The business case for considering bitcoin [column] | Local Business

To the layman, “cryptocurrency” sounds arcane. But Bitcoin and its siblings could be good tools for businesses looking to securely transact payments and more.

With over 1,000 digital currencies in existence, defining what they are and how they fit in a business model might seem daunting.

Starting out

To get started, the first step is to select a payment processing provider, such as Coinbase or BitPay. Next, open a business account with the payment processing provider. Processing fees can be minimal but may vary with transaction volume.

Low-margin businesses based on small transactions might find accepting Bitcoin a challenge because of process timing and fees. Bitcoin transaction processing can range from a few minutes to several hours, and on-the-go customers may not want to wait.

Considering the current state of processing, one possible cryptocurrency candidate that might not be deterred by the lag time is the car dealership. A wait of minutes or hours would not affect merchandise utility, and the price structure for each item sold could cushion the impact of processing fees.

Bitcoin also may be a viable opportunity for enterprises involved in legal-cannabis-related commerce, given that traditional banks may shy away from money derived from that source.

Converting to cash

If you choose to convert Bitcoin receipts to cash, you will have to sell your Bitcoin on the exchange where the Bitcoin wallet is held.

A Bitcoin wallet is a virtual compartment where the cryptocurrency is stored. The virtual wallet is accessed through a private key, which must never be lost. Retrieving a private key is impossibly difficult, and without your private key you would lose access to your Bitcoin.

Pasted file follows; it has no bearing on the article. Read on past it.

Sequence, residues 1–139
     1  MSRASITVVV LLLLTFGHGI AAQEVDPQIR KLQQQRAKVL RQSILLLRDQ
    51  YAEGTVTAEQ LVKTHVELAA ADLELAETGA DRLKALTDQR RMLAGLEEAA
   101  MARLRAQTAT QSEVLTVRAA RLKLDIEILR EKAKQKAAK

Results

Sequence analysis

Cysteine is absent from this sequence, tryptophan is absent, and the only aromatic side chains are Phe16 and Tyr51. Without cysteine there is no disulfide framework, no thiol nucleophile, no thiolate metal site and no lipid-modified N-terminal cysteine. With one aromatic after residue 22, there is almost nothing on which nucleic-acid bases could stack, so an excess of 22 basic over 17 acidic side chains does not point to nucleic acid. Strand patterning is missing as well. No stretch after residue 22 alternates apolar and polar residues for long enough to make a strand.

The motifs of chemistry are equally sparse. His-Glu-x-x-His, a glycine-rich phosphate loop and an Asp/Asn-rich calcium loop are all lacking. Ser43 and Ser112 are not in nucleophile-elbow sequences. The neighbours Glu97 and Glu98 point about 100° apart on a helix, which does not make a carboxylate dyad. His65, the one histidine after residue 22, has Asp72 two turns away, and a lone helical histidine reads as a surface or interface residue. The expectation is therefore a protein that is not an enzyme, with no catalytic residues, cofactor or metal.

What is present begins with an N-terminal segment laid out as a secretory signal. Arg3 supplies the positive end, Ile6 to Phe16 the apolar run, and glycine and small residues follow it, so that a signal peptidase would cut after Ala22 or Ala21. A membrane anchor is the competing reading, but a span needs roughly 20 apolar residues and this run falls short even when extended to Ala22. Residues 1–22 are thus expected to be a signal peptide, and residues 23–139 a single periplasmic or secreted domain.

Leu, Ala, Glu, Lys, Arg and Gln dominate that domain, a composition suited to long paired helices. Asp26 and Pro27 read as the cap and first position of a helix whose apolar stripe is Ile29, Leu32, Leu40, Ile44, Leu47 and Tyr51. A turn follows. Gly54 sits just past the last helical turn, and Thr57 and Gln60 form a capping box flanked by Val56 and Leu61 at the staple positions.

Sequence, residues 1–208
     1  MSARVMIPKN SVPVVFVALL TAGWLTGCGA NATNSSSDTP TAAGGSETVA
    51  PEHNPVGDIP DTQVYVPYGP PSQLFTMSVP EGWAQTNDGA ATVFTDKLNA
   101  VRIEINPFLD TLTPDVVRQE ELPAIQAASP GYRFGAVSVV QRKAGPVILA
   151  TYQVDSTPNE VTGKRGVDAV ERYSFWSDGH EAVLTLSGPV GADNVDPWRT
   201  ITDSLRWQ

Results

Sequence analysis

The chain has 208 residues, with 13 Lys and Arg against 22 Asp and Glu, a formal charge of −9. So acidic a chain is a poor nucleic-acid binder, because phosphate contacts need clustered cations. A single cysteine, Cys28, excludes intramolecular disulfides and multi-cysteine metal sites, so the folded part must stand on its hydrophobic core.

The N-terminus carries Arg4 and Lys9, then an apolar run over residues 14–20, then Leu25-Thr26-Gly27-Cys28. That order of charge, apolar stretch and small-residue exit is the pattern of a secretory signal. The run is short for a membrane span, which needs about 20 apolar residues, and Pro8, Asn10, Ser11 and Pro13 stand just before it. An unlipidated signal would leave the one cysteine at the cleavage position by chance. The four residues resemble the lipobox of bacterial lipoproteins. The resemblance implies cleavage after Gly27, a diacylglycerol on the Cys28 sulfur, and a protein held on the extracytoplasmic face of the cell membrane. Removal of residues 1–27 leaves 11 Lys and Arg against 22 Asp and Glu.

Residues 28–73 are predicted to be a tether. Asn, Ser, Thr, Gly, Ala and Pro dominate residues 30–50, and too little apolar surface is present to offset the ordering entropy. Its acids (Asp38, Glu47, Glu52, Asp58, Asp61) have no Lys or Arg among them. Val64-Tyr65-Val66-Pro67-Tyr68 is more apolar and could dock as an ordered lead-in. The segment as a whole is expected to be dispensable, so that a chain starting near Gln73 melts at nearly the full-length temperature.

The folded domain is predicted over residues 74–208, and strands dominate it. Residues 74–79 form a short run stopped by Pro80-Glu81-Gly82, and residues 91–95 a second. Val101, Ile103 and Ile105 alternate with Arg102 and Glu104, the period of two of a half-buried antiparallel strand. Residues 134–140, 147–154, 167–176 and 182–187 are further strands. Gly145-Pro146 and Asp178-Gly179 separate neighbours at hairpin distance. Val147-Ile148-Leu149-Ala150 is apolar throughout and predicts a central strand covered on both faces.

No single governing entity controls Bitcoin, so the result is more autonomous responsibility and administration on behalf of the Bitcoin wallet holder.

To process a conversion, you will need to enter the amount of local currency that you wish to receive. The amount of Bitcoin that corresponds to the local currency requested will automatically be calculated at the current exchange rate. When your Bitcoin is “sold,” depending on the exchange used, you should have options to transfer the local currency to a bank account or receive another form of payment. Keep in mind, the IRS regards cryptocurrency as property. So, selling Bitcoin could result in a taxable transaction that would need to be reported on your tax return.

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One of the primary draws to cryptocurrency is the additional security that is fundamental to its design. While not foolproof, hacking a Bitcoin transaction is more difficult than hacking your bank account or the bank itself.

Growing interest

Since its public introduction in 2009, Bitcoin usage and investment has grown enormously. And as the processing of cryptocurrency improves, business processes are expected to become more efficient.

Speed and market volatility are big issues currently being addressed in the world of cryptocurrency. The IRS has yet to issue definitive guidance on how to value virtual currency for purposes of calculating gain or loss.

While there are still many unanswered questions, as cryptocurrencies become increasingly embedded in commercial operations, it behooves modern businesses to identify how and if virtual currency has a place in their business model.

The industrial and digital revolutions were not without obstacles, but the gains ultimately were too advantageous to be thwarted. Many see this repeating with cryptocurrency.

n Judith Herron is a certified public accountant with Markovitz Dugan & Associates. Alyzabeth R. Smith, a certified public accountant, is a senior associate with Siegfried Advisory.

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